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Comment: I've done this (Score 4, Informative) 235

by sidb (#31432162) Attached to: Digitizing and Geocoding Old Maps?

I have done this for a grant-funded historical map digitization project at a university library. We used a $40k large-format scanner (from Betterlight) which can scan the whole item laid out flat. Trying to stitch together camera images will result in distortion across the image—if you didn't need to distort it, you wouldn't need special software to do it; you could just line the pictures up.

But even once you have image files, there's about zero chance you can just replace Google Maps' tiles with your own and expect geotagged stuff to line up where it should. If you have a finite number of places of interest, you could manually locate them on each map and then try to distort each map to align, but if you expect arbitrary geolocations to need to be right, give up. Non-satellite/GPS-based maps are examples of practical cartography, not theoretical. They will be even less perfect than you think, no matter how professional they appear. Or do what we did: keep the geotag display on Google's maps, but show your historical map of the same general region side-by-side and allow the user to calculate the precise correlation in his own brain.

Comment: Hair exemption (Score 1) 288

by sidb (#31015290) Attached to: Courts Move To Ban Juror Use of Net, Social Sites
Thank god for my ponytail. It's a Get Out of Jury Duty Free card. No prosecutor wants a long-haired, unmarried engineer with no kids on his jury. Apparently we ask "why not" too often and have unreasonably high standards of evidence, plus it's harder to move us with the old "Won't somebody please think of the children!" line. Fine by me.

Comment: Re:On Hybrid Vehicles (Score 1) 594

by sidb (#30741242) Attached to: Chevrolet Volt In a Gasoline-Only Scenario
Good choice on the TDI. My situation re: hybrids is like yours but even more so. A Prius is a pretty heavyweight solution to what's really a pretty simple problem—if the problem is saving money, used wins, and if the problem is saving the planet, reliable used wins unless you drive a lot because it's already manufactured and the gas mileage difference isn't necessarily that huge. I put more miles on my bike than my car, so I chose a little Chevy shortbed truck that gets a decent 30 mpg, with the added benefit that, unlike a VW, it has almost nothing non-essential to break. Power nothing, manual transmission, and practically no electronics in it. To be honest, I'd probably have come out ahead in both dollars and environmental resource usage vs. a Prius if I'd bought whatever was the least efficient small car of the 90's. Perhaps a Prius makes sense for people who commute in traffic a lot.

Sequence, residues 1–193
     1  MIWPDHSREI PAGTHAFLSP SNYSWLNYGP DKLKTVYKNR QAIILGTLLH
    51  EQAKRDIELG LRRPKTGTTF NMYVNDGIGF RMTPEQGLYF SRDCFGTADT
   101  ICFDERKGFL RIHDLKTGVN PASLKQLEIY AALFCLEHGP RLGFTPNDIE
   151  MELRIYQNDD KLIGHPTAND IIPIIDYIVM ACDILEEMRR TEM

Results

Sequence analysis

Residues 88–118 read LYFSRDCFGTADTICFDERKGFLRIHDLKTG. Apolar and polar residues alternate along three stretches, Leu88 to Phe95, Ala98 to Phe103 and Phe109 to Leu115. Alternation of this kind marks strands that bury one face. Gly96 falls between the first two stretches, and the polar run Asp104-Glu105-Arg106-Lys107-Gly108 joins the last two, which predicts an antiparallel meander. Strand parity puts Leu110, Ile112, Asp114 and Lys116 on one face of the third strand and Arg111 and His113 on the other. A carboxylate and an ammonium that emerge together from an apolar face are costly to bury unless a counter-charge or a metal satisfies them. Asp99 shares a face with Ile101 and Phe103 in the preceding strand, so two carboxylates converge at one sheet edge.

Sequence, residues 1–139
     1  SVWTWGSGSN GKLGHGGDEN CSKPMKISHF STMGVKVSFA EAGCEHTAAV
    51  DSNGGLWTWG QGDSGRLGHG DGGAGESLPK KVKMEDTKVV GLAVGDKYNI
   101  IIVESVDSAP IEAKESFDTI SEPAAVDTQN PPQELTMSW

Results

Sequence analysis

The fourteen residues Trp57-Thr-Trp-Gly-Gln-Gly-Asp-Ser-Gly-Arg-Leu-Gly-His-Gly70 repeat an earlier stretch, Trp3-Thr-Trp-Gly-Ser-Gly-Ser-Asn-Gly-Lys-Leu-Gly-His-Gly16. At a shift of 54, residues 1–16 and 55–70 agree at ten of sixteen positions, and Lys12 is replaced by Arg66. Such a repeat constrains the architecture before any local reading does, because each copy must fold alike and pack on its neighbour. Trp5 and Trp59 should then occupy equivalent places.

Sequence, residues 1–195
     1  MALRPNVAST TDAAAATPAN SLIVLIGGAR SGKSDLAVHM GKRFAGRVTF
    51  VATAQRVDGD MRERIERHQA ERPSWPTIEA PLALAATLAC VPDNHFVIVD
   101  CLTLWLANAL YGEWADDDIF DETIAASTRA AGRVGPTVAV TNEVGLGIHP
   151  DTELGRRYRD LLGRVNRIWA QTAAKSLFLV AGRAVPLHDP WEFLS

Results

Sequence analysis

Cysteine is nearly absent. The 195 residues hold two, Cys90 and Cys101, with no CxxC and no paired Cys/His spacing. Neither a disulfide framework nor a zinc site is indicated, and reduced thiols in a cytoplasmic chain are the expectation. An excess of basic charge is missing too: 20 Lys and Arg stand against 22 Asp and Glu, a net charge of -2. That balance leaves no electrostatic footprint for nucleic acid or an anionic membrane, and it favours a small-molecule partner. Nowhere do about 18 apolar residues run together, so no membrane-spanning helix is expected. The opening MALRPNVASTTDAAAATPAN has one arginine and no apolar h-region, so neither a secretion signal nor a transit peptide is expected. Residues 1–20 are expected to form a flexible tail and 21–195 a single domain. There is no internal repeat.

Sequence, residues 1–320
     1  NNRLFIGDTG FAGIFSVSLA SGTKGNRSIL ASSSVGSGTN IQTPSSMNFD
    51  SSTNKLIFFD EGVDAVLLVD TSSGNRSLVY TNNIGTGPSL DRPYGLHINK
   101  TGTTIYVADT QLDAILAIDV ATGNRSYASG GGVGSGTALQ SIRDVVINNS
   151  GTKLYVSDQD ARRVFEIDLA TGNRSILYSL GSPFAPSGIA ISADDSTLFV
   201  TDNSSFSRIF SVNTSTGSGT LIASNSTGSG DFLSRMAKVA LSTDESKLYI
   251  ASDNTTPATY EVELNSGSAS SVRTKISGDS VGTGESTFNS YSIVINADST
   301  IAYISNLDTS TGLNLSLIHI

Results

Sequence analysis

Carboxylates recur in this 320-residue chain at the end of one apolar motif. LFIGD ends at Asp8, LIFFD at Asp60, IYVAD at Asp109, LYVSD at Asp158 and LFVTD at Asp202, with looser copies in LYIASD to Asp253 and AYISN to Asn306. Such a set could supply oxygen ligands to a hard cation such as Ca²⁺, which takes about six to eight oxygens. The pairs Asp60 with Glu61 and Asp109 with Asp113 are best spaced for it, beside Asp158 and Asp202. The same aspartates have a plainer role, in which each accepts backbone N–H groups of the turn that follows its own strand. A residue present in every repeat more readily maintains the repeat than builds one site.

Comment: Institutional repository? (Score 1) 438

by sidb (#28286043) Attached to: How To Manage Hundreds of Thousands of Documents?

What kind of documents are they? If they're mostly text and you want versioning, the only drawback to subversion is getting people to learn the tools, but that might be too much.

If they're archival/static documents, an institutional repository could work. Something like DSpace isn't that hard to deploy and will provide basic archival and search features.

The middle ground between those two solutions is probably what you want, though. Everyone I work with uses SharePoint for that, and I hate recommending proprietary lock-in.

Comment: Re:Larry effect again? (Score 1) 361

by sidb (#28282733) Attached to: Apple Removes Nearly All Reference To ZFS
Time Machine serves two purposes at once: snapshots and backup. Having snapshots available doesn't help when the disk dies or gets corrupted. I suppose you could still copy everything to another disk and then use the ZFS snapshot features there, instead of using HFS hardlinks, but copying to another physical disk still needs to be part of the process.

Comment: Re:First collision (Score 1) 456

by sidb (#26847883) Attached to: Satellites Collide In Orbit

>>>Each satellite massed well over 1,000 pounds."

That's only if you're using the less-common FPS sub-version of English units (where pounds are mass units and poundals are force units). According to the gravitational FPS system (where pounds are force units and slugs are mass units), which is what I learned in high school at least, each satellite's mass is at least 31 slugs.

(That's close to 32, which is the approximate scaling factor between mass-pounds and force-pounds due to Earth's gravity acceleration at sea level being about 32 ft/sec^2, but it's just a coincidence. 31 slugs * 32 ft/sec^2 =~ 1000 mass-pounds, which is the "weight" of the satellite. Any good geek ought to see that quickly, though, since 32 * 32 is the familiar 2^10.)

And this is why SI exists.

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